This month’s theme: Mediterranean Islands is rather eclectic. Being islands some have developed a vinous culture – cuisine, grape varieties – at various distances from that of their mainland, and certainly each other. Apart from the warmth of the general latitudes (more or less the same as central Spain’s) is there anything they have in common? Perhaps we’ll find out…

Apart from Malta and Cyprus, the Mediterranean Islands do have a mainland – a main country of which they form a province or region. The Balearics are part of Spain, Corsica part of France, Sicily and Sardinia are parts of Italy, and the Greek Islands are exactly that – Greek.

Let’s start by saying what we aren’t going to look at. We will not taste any of the wines of Malta and Cyprus – mainly because their wines are hard to get in the UK – in the former case because it’s production is tiny.

For the opposite reason we won’t concern ourselves with Sicily. Sicily is an enormous wine region on its own. Italy’s largest region and the biggest producer of wine – it accounts for over 11% of all Italian wine – equal to about half the production of Australia. We have often tried wines from Sicily in the past too, usually in a Southern Italy themed tasting along with Puglia, Campania and Basilicata.
We will pay attention to Sardinia though. By my calculations, Sardinia produces nearly 110m bottles a year, more than any other Island other than Sicily (730m)! Next comes Crete – which produces 15% – 20% of all Greek wine and around 70m bottles. Then Corsica with about 50m bottles – less than 1% of all France’s output.

Apart from Crete, all the other Greek Islands have tiny production – although figures are hard to come by I’d expect no individual Island would produce more than 4m bottles – the rough figure for the best known producer: Santorini. All together the 9 Islands of Greece that commercially produce wine probably turn out 30m bottles. The Greek islands contribute substantially (about ¼) to the wine culture of the whole country.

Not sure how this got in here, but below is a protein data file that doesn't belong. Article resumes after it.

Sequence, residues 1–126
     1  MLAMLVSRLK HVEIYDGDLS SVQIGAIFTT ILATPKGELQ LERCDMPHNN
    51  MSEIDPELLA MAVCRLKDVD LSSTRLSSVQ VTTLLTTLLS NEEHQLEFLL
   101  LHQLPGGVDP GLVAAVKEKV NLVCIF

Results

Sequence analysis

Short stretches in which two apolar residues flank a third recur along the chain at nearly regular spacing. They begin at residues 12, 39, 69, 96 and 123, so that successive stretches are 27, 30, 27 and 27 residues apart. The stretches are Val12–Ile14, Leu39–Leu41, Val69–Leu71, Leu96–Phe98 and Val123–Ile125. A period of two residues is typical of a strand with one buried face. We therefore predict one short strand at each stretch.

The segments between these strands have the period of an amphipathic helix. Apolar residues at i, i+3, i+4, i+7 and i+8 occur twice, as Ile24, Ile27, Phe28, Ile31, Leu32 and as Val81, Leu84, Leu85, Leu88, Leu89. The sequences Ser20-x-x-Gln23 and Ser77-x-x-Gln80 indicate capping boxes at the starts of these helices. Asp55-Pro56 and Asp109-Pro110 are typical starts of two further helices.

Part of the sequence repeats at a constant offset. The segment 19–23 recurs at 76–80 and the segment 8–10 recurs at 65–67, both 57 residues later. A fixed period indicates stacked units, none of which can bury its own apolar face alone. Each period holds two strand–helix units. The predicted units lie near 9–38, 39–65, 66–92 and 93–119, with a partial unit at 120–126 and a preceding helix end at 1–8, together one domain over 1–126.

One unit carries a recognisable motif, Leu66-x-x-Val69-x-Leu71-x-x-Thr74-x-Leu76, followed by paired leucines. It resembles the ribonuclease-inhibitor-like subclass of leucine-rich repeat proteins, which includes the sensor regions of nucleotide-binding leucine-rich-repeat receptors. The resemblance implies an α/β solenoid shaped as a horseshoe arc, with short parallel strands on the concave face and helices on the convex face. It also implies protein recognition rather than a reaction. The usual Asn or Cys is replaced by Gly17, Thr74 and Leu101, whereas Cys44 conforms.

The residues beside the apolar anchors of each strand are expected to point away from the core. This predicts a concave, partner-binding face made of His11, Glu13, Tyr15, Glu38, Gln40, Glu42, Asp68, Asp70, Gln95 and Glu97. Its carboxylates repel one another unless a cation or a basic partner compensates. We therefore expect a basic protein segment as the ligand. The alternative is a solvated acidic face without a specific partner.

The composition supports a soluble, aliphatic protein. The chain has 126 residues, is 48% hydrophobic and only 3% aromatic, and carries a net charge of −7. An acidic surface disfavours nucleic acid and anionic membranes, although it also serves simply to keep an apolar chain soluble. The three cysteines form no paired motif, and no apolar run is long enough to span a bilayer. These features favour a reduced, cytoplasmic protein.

So I’ve decided to focus on Mallorca, Corsica, Sardinia, Crete and Santorini. Mallorca has a tiny production, although I could find no figures for production, working on the area under vine I imagine it makes under 3m bottles.

As the most complex, let’s look at the Greek Islands first. The Ionian islands (Zante and Cephalonia rather than Corfu) have distinctive grapes. The red Avgoustiatis and the whites Robola and Tsaoussi make (apparently) interesting wines although I’ve never seen them in the UK.

Over in the Aegean several islands have distinctive grapes and styles. Lemnos and Sámos make wines from Muscat – the sweet wine from the latter being the most famous and easily available in England. Páros and Rhodes make reds from Monemvassia and Mandilariá, the latter is found too on Crete. Rhodes also makes a lot of white wine – mainly from Athiri.

The jewel in the Aegean – wine wise – is Santorini with a great white grape: Assyrtiko. The grape is capable of big wines and some great examples are available in this country. One can also get a Vinsanto, made (in the same way as Italian Vinsanto) from a blend of which Assyrtiko must be the majority.

Finally we come to Crete, where several rare varieties are planted in the vineyards, often at some altitude. As well as Mandilariá there are reds from Kotsifali, and distinctive whites from Plyto, Dafni, Vidiano and Vilana. In Crete they also made a sweet wine, from sun-dried grapes of all these four varieties, called Malvasia (no relation to the Italian Grape of that name) which was highly prized in the 13th to the 17th Centuries. Modern “revivals” are now coming to market – we will try the most highly decorated.

Over to the West of the Mediterranean we are looking at the wines of Mallorca. Here there are 3 grapes unique to the island: reds Manto Negro and Callet and the white Moll. In the most significant DO, Binissalem, these grapes have to be in the majority of any wine to earn the DO label, and are accordingly a majority of all the grapes planted.

Corsica grows many of the grapes common in Provence: Grenache, Cinsault, Mourvedre and Carignan, plus the white, Vermentino (sometimes called Rolle in France). The Corsican red grapes: Nielluccio and Sciacarello are actually Tuscan, the former is a Sangiovese clone, the latter is actually the Tuscan Mammolo, which is now dying out in its home – there is 6 times as much in Corsica.

Sardinia produces the most famous Vermintino along with Malvasia and Moscato and the little-known white varieties Nasco and Nuragus. On the red side the most prized wine is Cannonau a clone of the Spanish Garnacha, and hence Grenache, plus Girò (a grandparent of Callet) and Monica.

So Mallorca’s grapes are unique, some of Corsica’s come from Italy and some of Sardinia’s from Spain. Hmm… but, do these wines have anything in common? Is there such a thing as Mediterranean-ness?

We’ll see!